Emotan did not like her Father very much.
He was loud, brash and petulant, only showing more than a perfunctory interest in her when she brought home good grades from school; what he called the ‘fruits of his labour’.
Emotan’s mother was a beautiful paradox: outspoken in one breath, and her Father’s pushover in the next breath.
Emotan made it a point to date men who were the opposite of her father. They were fair and wiry where her father was dark and stocky. They were emotionally available where her father was distant and manipulative. She had never seen her parents be affectionate with each other. Once, she saw her mother swat a mosquito off her father’s arm. He had shouted at her for hitting him, and her mother visibly folded into herself.
He was also a talker, a Professor of Economics at UniBen dissatisfied with the system who loved to tell tales about the past. From his stories of the Civil War, you would have thought he had been a General in charge of troops at the time, when in actual fact he had been 10 years old when the war had broken out.
Emotan had remained in Abuja after she completed her National Youth Service to get away from her parents, and had no intention of moving back home. She was caught unawares when her mother called her first thing one Monday morning to say ‘Ogbebor brought another woman to the house’. Emotan almost asked ‘Who?’, because she had never heard her mother call her father by his first name in her 25 years on earth.
Over the next few weeks, she endured tearful phone calls from her Mother with updates about how her Father was losing his mind. Emotan was not sure what her Mother wanted her to do. So she just listened.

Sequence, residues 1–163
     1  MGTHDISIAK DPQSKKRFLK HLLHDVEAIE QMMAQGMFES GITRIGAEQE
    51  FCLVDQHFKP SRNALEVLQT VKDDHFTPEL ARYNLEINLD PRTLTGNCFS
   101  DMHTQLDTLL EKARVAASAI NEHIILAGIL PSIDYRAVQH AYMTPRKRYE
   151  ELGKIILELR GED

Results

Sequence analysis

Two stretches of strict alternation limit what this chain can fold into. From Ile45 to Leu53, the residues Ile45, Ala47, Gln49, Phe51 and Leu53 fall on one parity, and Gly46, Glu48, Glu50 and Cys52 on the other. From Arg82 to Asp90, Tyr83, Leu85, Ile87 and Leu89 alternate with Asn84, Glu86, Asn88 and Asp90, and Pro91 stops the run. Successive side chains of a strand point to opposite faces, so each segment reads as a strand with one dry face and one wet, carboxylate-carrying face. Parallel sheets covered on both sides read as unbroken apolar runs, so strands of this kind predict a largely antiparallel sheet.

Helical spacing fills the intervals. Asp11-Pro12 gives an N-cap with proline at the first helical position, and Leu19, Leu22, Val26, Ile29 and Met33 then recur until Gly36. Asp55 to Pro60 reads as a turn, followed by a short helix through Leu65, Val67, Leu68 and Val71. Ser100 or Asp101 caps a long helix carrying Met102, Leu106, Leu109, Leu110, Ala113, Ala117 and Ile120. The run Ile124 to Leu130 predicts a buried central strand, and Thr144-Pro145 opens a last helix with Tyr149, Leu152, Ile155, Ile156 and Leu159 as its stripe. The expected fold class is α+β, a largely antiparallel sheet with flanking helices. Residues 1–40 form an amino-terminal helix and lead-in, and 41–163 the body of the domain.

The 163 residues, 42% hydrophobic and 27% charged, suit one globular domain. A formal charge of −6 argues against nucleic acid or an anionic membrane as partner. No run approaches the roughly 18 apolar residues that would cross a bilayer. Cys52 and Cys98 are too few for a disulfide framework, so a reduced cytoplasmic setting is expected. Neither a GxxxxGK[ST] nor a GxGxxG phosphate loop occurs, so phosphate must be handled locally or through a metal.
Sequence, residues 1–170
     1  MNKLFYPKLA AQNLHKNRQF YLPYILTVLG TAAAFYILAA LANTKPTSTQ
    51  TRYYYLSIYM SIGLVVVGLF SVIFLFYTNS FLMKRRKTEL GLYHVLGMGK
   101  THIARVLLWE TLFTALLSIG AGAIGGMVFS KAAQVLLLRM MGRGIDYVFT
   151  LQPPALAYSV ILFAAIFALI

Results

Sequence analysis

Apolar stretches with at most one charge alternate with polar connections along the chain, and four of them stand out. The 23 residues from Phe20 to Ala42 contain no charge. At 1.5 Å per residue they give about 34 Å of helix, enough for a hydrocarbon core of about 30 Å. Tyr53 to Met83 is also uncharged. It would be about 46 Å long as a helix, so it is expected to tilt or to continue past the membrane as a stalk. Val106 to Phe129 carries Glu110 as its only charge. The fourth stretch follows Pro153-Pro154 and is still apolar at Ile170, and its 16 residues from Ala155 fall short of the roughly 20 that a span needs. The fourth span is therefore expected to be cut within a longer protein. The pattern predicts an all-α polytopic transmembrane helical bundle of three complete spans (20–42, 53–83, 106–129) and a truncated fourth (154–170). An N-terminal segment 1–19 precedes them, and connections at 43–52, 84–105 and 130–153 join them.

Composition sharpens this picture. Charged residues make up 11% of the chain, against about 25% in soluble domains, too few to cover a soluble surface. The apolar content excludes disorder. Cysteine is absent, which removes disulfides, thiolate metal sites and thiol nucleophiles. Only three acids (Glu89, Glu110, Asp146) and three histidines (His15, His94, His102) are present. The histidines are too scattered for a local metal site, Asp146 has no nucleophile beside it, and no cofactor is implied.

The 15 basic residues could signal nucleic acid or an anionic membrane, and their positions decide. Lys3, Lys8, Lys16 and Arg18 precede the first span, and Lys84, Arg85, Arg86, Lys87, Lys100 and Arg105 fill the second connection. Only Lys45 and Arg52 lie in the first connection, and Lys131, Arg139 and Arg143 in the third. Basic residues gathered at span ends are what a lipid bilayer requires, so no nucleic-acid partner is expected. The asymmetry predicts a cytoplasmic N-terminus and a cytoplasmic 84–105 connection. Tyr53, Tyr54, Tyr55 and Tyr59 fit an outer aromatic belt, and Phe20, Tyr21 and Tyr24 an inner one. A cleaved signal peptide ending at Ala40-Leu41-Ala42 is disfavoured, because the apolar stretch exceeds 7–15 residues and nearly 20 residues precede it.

After three months the story changed: ‘I’ve left his house. I’m at your Aunty Evarista’s house’. Emotan knew then that she had to go Benin to find out what was going on. Her mother and her Aunt were close, but they were very similar; both passive-aggressive gossips. Things had to be very bad at home for her Mother to choose the Aunty Evarista option. A few weeks under the same roof would be the death of both of them.
Emotan took a day off from her job at an Ad Agency and left Abuja for Benin on a Friday morning in February. Her brother, ‘Mudia, picked her from the airport. ‘Welcome, Sis!’ he said as he hugged her; she tried not to choke on the scent of his body spray. He was 22 years old-a recent graduate-and had the lanky build and confidence of youth. Emotan tried not to let her panic show as he manoeuvred their Father’s ancient 504 through Benin traffic. The car was obviously being held together by the grace of God and with no apparent shock absorbers; she felt every bump on the road to their house on Wire Road.